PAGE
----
Offshore wind hits record price
Government figures from the BEIS and National Grid have shown that the price paid for electricity from offshore wind farms has dropped by more than 50% in under five years, making offshore wind the lowest cost option for large-scale, low-carbon power.
The UK’s offshore wind sector has transformed over the past decade. Government support, huge strides in home-grown innovation and increases in both turbine efficiency and blade sizes, have placed the UK as number one, globally, for installed capacity.
Wind turbines have more than doubled their power capacity since 2007. The current generation of 8MW turbines have 260 foot blades, spanning an area the size of the London Eye. With a single rotation, these blades generate enough energy to power a home for 24 hours. By the mid-2020s turbine capacities are set to double again, reaching 15MW. These advances in turbine technology are a big part of what has driven recent reductions in costs per megawatt hour.
Hannah Martin, Head of Energy at Greenpeace UK, said: “Offshore wind already powers 4 million homes in the UK, and will power more than 8 million by 2020. It has also created jobs, regional development and export opportunities. And official polls show that 80% of people are in favour of offshore wind. The government needs to seize the opportunities of this great deal, which they themselves have helped to create.”
Offshore wind farms can be built in just two or three years, minimising the risk of cost overruns and ensuring that technological advances are adopted quickly.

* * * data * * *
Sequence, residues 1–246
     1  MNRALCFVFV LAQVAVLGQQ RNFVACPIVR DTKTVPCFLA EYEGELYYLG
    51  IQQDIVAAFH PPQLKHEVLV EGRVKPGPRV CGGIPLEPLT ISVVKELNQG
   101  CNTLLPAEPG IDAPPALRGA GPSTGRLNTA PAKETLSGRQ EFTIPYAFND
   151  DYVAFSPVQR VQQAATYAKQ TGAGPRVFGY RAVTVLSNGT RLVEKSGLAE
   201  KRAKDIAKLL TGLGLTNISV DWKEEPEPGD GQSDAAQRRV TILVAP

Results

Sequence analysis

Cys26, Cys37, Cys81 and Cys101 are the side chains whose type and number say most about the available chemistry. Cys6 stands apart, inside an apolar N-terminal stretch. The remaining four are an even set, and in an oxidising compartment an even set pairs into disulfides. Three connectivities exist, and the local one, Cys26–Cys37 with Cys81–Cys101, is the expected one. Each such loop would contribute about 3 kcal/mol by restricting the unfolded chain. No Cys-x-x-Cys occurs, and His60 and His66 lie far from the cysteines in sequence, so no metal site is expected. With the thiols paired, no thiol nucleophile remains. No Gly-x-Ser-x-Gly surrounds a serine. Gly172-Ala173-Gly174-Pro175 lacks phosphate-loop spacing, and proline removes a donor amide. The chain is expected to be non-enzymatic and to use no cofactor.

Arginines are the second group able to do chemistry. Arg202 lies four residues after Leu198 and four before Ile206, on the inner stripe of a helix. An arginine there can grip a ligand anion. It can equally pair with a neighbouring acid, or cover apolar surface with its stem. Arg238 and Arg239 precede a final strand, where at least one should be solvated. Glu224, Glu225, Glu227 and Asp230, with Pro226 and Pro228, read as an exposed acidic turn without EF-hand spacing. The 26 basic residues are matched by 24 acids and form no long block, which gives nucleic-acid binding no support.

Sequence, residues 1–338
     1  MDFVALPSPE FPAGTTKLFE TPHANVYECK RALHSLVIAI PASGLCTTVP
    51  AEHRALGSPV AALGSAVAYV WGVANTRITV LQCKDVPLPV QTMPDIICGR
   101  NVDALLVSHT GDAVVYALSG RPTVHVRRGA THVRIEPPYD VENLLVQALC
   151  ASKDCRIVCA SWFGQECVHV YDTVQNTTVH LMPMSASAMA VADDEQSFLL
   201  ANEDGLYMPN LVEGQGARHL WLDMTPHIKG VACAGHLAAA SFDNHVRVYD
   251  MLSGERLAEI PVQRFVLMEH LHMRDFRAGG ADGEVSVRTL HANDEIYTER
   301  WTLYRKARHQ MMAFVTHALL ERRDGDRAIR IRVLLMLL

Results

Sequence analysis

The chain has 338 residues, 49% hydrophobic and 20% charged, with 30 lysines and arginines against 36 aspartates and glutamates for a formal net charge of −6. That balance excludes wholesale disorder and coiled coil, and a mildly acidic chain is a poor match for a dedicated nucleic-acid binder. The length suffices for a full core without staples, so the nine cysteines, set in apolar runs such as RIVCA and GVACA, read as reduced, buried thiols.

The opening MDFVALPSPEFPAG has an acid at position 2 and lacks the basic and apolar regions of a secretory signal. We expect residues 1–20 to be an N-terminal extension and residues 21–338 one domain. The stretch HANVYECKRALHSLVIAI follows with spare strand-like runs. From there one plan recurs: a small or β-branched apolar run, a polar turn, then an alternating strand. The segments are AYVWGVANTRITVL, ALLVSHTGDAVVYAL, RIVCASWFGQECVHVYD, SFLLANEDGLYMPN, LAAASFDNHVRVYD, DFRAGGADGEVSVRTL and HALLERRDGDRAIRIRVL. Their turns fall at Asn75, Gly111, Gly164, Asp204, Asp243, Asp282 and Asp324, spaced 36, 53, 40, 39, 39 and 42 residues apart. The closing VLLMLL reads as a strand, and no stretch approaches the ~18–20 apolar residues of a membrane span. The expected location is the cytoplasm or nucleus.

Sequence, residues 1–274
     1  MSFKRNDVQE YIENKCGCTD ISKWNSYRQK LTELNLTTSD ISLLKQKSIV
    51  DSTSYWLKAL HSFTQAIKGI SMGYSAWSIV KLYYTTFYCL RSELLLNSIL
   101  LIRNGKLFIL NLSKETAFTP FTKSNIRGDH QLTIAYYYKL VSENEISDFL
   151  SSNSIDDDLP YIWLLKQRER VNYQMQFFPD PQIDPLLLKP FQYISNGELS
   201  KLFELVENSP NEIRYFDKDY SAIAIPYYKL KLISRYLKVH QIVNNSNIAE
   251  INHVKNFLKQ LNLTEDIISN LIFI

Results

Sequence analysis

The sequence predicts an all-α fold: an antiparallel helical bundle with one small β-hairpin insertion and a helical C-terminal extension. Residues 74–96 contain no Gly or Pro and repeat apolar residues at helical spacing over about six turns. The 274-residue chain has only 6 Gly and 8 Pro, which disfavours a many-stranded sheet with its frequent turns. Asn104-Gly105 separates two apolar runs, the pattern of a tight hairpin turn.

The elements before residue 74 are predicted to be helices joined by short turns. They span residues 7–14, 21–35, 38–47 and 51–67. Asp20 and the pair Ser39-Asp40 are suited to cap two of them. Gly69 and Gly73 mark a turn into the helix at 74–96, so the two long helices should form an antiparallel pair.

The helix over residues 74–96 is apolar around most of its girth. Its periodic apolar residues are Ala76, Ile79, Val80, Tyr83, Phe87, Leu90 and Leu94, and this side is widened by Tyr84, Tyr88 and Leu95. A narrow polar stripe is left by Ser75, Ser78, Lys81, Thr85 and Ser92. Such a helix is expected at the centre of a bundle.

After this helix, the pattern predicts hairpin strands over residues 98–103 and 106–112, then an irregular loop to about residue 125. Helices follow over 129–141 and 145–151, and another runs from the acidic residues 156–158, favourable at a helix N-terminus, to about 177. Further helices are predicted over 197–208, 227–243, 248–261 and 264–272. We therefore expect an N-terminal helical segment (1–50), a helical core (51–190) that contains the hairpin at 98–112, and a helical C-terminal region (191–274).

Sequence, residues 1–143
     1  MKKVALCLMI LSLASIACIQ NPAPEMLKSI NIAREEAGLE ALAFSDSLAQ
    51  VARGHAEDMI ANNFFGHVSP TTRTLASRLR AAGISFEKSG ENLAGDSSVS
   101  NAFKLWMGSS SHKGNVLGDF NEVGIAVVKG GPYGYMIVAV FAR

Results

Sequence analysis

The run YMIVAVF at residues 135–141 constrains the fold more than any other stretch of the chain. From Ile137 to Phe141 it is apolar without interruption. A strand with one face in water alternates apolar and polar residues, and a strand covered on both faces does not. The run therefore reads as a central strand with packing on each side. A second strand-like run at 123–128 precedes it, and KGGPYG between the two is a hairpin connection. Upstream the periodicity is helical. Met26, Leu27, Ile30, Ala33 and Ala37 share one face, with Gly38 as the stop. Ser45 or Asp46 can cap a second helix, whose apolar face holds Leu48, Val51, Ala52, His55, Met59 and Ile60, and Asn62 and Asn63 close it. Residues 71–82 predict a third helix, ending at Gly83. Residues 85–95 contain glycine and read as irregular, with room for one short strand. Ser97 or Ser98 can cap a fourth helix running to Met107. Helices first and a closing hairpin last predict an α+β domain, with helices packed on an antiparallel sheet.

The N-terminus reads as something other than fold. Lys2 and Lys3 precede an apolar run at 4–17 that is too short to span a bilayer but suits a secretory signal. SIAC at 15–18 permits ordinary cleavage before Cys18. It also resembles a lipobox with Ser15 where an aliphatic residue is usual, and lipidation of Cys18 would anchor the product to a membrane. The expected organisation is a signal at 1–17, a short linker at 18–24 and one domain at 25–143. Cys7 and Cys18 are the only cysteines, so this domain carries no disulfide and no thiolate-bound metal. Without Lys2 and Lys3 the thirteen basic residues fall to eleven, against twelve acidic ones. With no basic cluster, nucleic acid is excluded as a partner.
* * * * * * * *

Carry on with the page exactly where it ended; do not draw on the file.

RenewableUK’s Chief Executive Hugh McNeal, said: “The phenomenal growth of the UK’s world-leading offshore wind industry is an industrial success story made possible by tens of thousands of tenacious innovators and game-changers all around this country working in renewable energy. Offshore wind is a key technology in reducing carbon emissions by more than seven and a half million tonnes a year – but in some ways the real story of the sector is industrial, as well as environmental. The spectacular fall in the costs of offshore wind, and the billions of pounds the industry has poured into our seaside towns, are signs that investing in renewable energy will benefit our consumers and our economy.”
The sector is already delivering thousands of jobs in regions of the UK with some of the highest unemployment figures. UK offshore wind is also attracting billions in foreign investment, and securing hundreds of international contracts for British companies. Future growth potential is enormous as the global market is set to boom over the next decade.
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